Last Saturday, October 28th, Boulder, CO fans had some Halloween fun with The Main Squeeze came to town. The soul band set up shop at the Fox Theatre, hitting fans with a Halloween celebration that kept them grooving into the night.One of the highlights from the show was a sit-in by 15-year-old guitarist Jaden Carlson, who joined the Squeeze for an extended run of songs. Carlson would come in for a live take on the Stranger Things theme, followed by “Luke’s Theme” and “Tank X-ing” during the set. Fortunately, there’s some new footage from the event to capture this exciting live music moment!Watch Carlson and The Main Squeeze join forces in the new pro-shot video below!Both Jaden Carlson Band and The Main Squeeze will be touring throughout the rest of the year, so don’t miss them. You can see Carlson’s full tour schedule below.Jaden Carlson Band Upcoming Tour DatesNOV 4 | Cervantes Other Side | Denver, CO w/ the Nth PowerNOV 5 | Hodi’s Half Note | Fort Collins, CO w/ the Nth PowerNOV 30 | The Fox Theatre | Boulder, CO headlining w/ support from Amoramora and Envy ALODEC 28 | The Animas City Theatre | Durango, CO w/ special guests TBADEC 29 | The Eldo | Crested Butte, CODEC 30 | The Lariat | Buena Vista, CODEC 31 | Stage Stop | Nederland, CO w/ Digg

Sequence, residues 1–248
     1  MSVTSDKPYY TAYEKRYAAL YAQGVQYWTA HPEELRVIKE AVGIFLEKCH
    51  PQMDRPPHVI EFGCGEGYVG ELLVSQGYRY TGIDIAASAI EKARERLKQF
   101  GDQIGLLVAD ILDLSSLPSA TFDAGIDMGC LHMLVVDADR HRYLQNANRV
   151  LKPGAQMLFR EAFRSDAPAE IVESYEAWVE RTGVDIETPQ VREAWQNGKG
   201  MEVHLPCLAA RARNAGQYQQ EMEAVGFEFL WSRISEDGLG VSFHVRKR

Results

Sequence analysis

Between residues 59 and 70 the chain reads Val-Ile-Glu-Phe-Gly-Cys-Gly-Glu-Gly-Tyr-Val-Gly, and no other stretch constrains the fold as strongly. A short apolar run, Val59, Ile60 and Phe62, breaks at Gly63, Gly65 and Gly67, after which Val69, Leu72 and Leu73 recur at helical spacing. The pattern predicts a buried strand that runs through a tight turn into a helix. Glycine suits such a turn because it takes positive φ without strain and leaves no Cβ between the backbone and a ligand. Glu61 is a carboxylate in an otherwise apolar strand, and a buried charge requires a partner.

The Harvard Initiative for Learning and Teaching (HILT) is planning a University-wide symposium designed to engage faculty and students in dialogue and debate, while sharing ideas and information about pedagogical innovation.The conference on Feb. 3 will bring together members of the Harvard community with leading scholars and teachers from both the University and beyond its gates to share their perspectives on teaching and learning in higher education. The session will be held in Harvard’s Northwest Science Building.Developed as part of a $40 million gift from Rita E. and Gustave M. Hauser, the event aims to stimulate discussion around evidence-based innovation in education. Sessions will pose key questions and offer perspectives aimed at helping to inform future pedagogies; to showcase novel, inventive, or exceptional approaches to teaching; and to forge connections across the University and beyond. Organizers hope that participants will, in effect, become students during the daylong symposium, learning new teaching techniques and strategies that they can use in their classrooms and share with colleagues.“We will provide the means and encouragement to faculty to teach in new, exciting ways,” said Harvard President Drew Faust. “We will embrace opportunities to harness technology. We will support a cycle of creativity and renewal by evaluating methods and courses and programs, by experimenting and letting ourselves fail in some instances so that we can be bold enough to succeed in others.”A series of interactive breakout sessions will highlight improved learning through innovation in practice. There will be three keynote discussions, including “The Science of Learning,” “Innovation in Higher Education,” and “Looking to the Future.”Participants include Steven Pinker, the Johnstone Family Professor of Psychology and Harvard College Professor; John Palfrey, Henry N. Ess III Professor of Law and faculty co-director of Harvard’s Berkman Center for Internet & Society; and Harvard Provost Alan Garber.Simultaneously, HILT will sponsor a resource fair open to the Harvard community. The fair, located in the Northwest Building’s garden level, will feature representatives from the University’s teaching and learning centers, related interfaculty initiatives, academic technology resources, museums, and libraries.Seating for the event is limited. Faculty, students, and staff interested in attending can apply for tickets. Segments of the symposium will also be streamed live from 8:15 to 10 a.m. and from 10:30 to noon at www.harvard.edu/livestream.The Hausers’ gift launched the initiative in October and is meant to serve as a catalyst for transforming students’ educational experience. The fund enables the University to marshal its considerable intellectual resources to engage a new generation of students with pioneering teaching practices, building on the long history of educational reform at Harvard.See more information on the Hauser gift and the initiative.